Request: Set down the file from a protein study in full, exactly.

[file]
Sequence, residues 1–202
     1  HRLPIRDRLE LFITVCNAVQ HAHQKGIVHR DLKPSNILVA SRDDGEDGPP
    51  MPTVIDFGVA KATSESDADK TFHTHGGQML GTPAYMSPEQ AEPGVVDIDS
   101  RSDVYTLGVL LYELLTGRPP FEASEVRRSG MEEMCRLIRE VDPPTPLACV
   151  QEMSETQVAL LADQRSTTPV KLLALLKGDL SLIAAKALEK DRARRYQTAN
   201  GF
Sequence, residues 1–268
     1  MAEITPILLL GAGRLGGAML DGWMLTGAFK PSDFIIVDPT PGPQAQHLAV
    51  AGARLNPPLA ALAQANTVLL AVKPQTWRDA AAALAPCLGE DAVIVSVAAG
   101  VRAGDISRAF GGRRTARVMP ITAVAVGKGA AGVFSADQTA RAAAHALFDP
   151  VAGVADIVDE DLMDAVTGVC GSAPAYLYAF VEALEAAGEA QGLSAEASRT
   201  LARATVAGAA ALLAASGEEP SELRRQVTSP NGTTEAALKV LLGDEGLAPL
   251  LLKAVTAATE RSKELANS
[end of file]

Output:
Sequence, residues 1–202
     1  HRLPIRDRLE LFITVCNAVQ HAHQKGIVHR DLKPSNILVA SRDDGEDGPP
    51  MPTVIDFGVA KATSESDADK TFHTHGGQML GTPAYMSPEQ AEPGVVDIDS
   101  RSDVYTLGVL LYELLTGRPP FEASEVRRSG MEEMCRLIRE VDPPTPLACV
   151  QEMSETQVAL LADQRSTTPV KLLALLKGDL SLIAAKALEK DRARRYQTAN
   201  GF
Sequence, residues 1–268
     1  MAEITPILLL GAGRLGGAML DGWMLTGAFK PSDFIIVDPT PGPQAQHLAV
    51  AGARLNPPLA ALAQANTVLL AVKPQTWRDA AAALAPCLGE DAVIVSVAAG
   101  VRAGDISRAF GGRRTARVMP ITAVAVGKGA AGVFSADQTA RAAAHALFDP
   151  VAGVADIVDE DLMDAVTGVC GSAPAYLYAF VEALEAAGEA QGLSAEASRT
   201  LARATVAGAA ALLAASGEEP SELRRQVTSP NGTTEAALKV LLGDEGLAPL
   251  LLKAVTAATE RSKELANS